Solving ThePrimeagen's favorite interview question

For non-tom-level-genius nor lawnmowers
Jasper Concepcion
August 03, 2023

I've been a viewer of ThePrimeagen for quite some time now, and occasionally he mentions his favorite interview question, Async Request Queue

I may not be a lawnmower or a genius like Tom, but I, for one, am a senior software engineer at some startup, and I am very confident I can solve this problem.

First, let's identify the criteria for this question:

  1. It's a queue, a first in, first out data structure
  2. You enqueue a promise factory
  3. You must be able to return the promise when you enqueue
  4. There can only be 3 maximum running task at the same time

Now let's go over it one by one, note that we're writing this in everyone's favorite language:TypeScript 🤮

  1. The ideal data structure for FIFO is a linked list, but linked list doesn't exist in TS so we have to write our own.
  2. We're going to make a class AsyncRequestQueue that has a method enqueue and some private method #next, #run.
  3. In JS, a promise means it's already executed and there is no way to hold it, that's why we have to wrap it into a function () => Promise<T> before passing it to enqueue.
  4. Last item can be solved easily by simply book keeping. We'll just take maxRunningTask as parameter to our constructor and also add pending: number property to class AsyncRequestQueue.

Our scuff TS LinkedList

We only need these 2 methods (pushFront, popBack) for this, I chose this naming scheme from Rust's LinkedList because JS's Array.shift sounds stupid.

// linked-list.ts type LinkedListNode<T> = { value: T; next?: LinkedListNode<T>; }; export class LinkedList<T> { head?: LinkedListNode<T>; tail?: LinkedListNode<T>; length: number; constructor() { this.length = 0; } pushFront(value: T): T { const node: LinkedListNode<T> = { value }; if (!this.head || !this.tail) { this.head = node; } else { = node; } this.tail = node; this.length++; return node.value; } popBack(): T | undefined { if (!this.head) { return undefined; } const node = this.head; this.head =; this.length--; if (!this.length) { this.tail = undefined; } return node.value; } }

Async Request Queue

Now I'm not gonna explain this line by line. Chances are, you are a programmer, and you know how to code. If not, then why the hell are you even here?

// async-request-queue.ts import { LinkedList } from "./linked-list"; export class AsyncRequestQueue { queue: LinkedList<() => Promise<void> | void>; maxRunningTask: number; pending: number; constructor(maxRunningTask: number) { this.queue = new LinkedList(); this.maxRunningTask = maxRunningTask; this.pending = 0; } async enqueue<T>(task: () => Promise<T>): Promise<T> { return new Promise<T>((resolve) => { this.queue.pushFront(() => { this.pending++; try { const result = task(); resolve(result); } catch (e) { console.log(e); } finally { this.#next(); } }); this.#run(); }); } #next() { this.pending--; this.#run(); } #run() { if (this.pending < this.maxRunningTask && this.queue.length > 0) { const task = this.queue.popBack(); task?.(); } } }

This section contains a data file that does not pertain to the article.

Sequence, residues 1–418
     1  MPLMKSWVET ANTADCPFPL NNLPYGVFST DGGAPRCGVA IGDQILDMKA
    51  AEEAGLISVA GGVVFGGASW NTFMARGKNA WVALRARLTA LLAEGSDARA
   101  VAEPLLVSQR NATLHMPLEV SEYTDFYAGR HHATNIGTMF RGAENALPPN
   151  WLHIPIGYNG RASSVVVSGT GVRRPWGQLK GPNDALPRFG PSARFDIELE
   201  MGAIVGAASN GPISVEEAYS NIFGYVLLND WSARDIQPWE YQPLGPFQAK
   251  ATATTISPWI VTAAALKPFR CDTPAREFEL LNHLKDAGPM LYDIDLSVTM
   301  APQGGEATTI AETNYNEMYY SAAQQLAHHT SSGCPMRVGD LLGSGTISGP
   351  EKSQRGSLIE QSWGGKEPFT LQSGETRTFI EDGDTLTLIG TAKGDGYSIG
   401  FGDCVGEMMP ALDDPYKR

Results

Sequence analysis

Running the code

// index.ts import { AsyncRequestQueue } from "./async-request-queue"; async function delayByMs(ms: number, id: string): Promise<number> { console.log("queued", id, ms); return new Promise((resolve) => { setTimeout(() => { console.log("finished", id, ms); resolve(ms); }, ms); }); } async function main() { const q = new AsyncRequestQueue(3); q.enqueue(() => delayByMs(1000, "a")); q.enqueue(() => delayByMs(3000, "b")); q.enqueue(() => delayByMs(1100, "c")); q.enqueue(() => delayByMs(10000, "d")); const weCanAwait = q.enqueue(() => delayByMs(3000, "e")); q.enqueue(() => delayByMs(3000, "f")); console.log("awaited e", await weCanAwait); } main().then();

That's it, it should output the following:

queued a 1000
queued b 3000
queued c 1100
queued d 10000
queued e 3000
queued f 3000
finished a 1000
finished c 1100
finished b 3000
finished e 3000
awaited 3000
finished f 3000
finished d 10000

Now that's how you do it, but... In an interview scenario, you'll probably want to suggest improvements or the interviewer might ask it to you. Here are a few improvements I can think of:

  • Abort signal, in this scenario there would be a race condition against running tasks.
  • EventEmitter, you can extend class AsyncRequestQueue with Node.js' class EventEmitter so that clients can subscribe to events that you'll implement.
  • Priority Queue.
  • Dequeue (we did not implement it in class AsyncRequestQueue).


Github Repo.

Self Plug

Hi gamers! I'm Jasper, a senior software engineer with more than 5 years of dev experience. I primarily code in TypeScript 🤮, I know a bit of Rust, and I type on a Lily58, a column staggered split keyboard. I use arch and code in neovim btw